Use of maltose hydrolysis measurements to characterize the interaction between the aqueous diffusion barrier and the epithelium in the rat jejunum

Michael D. Levitt, Caryn Fine, Julie K. Furne, David G. Levitt

Research output: Contribution to journalArticle

15 Scopus citations

Abstract

Rates of intestinal absorption and surface hydrolysis are determined by the interaction of two barriers: poorly stirred fluid adjacent to the mucosa, and the epithelial cell. These two barriers commonly are modeled as a fixed, flat layer of epithelium covered by a fixed thickness of unstirred fluid. To more accurately simulate these barriers in a villous mucosa, maltase activity (measured in vitro) was distributed over an anatomically correct model of rat jejunal villi. We then determined what interaction of the aqueous and epithelial barriers best predicted in vivo maltose hydrolysis rates measured over a broad range of infusate concentrations. Hydrolysis was accurately predicted by a model in which unstirred fluid extended from 20 μm over the villous tips throughout the intervillous space. In this model, the depth of diffusion into the intervillous space is inversely proportional to the efficiency of epithelial handling of the solute. As a result, both the aqueous barrier and the functional surface area are variables rather than constants. Some implications of our findings (relative to the conventional model) include: higher predicted V(max), efficient handling of low concentrations of a solute at the villous tips while high concentrations must penetrate thick aqueous barriers, and sensitive regulation of transport rates via ease of access to the intervillous space.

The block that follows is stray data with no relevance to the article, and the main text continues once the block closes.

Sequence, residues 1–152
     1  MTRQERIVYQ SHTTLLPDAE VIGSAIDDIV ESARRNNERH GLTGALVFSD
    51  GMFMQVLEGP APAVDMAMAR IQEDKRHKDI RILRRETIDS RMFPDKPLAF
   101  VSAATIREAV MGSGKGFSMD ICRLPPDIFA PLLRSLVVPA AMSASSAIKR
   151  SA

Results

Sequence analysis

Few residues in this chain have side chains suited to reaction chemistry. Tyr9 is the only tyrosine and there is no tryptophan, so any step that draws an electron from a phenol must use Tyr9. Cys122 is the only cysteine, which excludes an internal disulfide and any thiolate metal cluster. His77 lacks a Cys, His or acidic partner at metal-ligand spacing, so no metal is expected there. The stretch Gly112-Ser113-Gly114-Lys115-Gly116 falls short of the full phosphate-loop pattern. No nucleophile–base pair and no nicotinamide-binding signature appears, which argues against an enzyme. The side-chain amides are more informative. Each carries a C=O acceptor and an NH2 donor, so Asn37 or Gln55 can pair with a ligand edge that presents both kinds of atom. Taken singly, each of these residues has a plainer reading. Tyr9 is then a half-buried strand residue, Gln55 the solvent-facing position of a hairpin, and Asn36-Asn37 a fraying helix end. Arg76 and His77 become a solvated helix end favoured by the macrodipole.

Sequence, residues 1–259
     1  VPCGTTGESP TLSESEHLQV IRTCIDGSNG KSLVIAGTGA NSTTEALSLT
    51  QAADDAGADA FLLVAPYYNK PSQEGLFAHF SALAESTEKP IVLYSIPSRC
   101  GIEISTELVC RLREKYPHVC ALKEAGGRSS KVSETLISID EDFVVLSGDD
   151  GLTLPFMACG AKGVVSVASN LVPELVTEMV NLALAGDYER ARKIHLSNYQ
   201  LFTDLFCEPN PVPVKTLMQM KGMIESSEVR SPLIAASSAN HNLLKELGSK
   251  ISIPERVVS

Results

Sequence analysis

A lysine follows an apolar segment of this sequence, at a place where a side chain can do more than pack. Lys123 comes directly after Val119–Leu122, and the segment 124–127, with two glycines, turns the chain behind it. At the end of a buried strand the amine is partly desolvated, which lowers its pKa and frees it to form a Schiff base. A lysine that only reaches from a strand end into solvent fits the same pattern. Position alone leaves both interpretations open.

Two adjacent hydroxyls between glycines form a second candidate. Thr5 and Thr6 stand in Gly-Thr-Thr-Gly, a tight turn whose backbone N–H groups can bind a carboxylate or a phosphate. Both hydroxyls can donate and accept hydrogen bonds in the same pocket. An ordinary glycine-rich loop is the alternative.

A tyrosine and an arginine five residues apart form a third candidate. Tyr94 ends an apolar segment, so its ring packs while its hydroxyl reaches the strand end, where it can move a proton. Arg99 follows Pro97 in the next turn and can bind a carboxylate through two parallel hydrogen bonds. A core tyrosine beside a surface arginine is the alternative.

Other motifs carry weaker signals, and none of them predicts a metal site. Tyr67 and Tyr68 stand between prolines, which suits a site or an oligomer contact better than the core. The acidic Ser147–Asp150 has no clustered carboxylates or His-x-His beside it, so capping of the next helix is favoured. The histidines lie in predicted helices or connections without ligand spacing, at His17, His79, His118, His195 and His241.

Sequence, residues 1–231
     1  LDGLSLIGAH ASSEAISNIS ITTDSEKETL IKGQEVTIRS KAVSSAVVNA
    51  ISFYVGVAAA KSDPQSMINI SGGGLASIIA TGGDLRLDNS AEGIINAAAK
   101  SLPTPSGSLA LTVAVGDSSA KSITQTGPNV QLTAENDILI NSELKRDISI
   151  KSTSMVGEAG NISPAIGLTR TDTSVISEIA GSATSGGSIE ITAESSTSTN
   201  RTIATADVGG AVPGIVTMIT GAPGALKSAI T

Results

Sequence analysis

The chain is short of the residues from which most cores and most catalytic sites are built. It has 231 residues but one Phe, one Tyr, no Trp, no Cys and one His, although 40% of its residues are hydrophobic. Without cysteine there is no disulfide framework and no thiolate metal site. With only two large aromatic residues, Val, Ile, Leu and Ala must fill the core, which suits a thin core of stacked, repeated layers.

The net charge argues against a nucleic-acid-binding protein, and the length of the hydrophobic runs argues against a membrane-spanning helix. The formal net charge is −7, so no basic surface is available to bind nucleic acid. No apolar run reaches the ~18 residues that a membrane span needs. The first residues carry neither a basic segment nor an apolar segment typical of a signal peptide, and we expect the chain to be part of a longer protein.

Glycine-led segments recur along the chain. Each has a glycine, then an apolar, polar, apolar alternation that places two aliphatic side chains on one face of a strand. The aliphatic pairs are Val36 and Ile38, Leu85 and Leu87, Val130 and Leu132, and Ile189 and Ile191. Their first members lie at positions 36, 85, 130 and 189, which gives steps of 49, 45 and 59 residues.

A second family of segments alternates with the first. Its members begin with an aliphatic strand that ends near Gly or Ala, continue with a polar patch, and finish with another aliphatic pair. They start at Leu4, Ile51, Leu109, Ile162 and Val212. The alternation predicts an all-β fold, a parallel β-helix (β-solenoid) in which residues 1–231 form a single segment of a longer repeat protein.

Original languageEnglish (US)
Pages (from-to)2308-2315
Number of pages8
JournalJournal of Clinical Investigation
Volume97
Issue number10
DOIs
StatePublished - May 15 1996

Keywords

  • diffusion
  • intestinal transport
  • maltose hydrolysis
  • motility
  • unstirred layer

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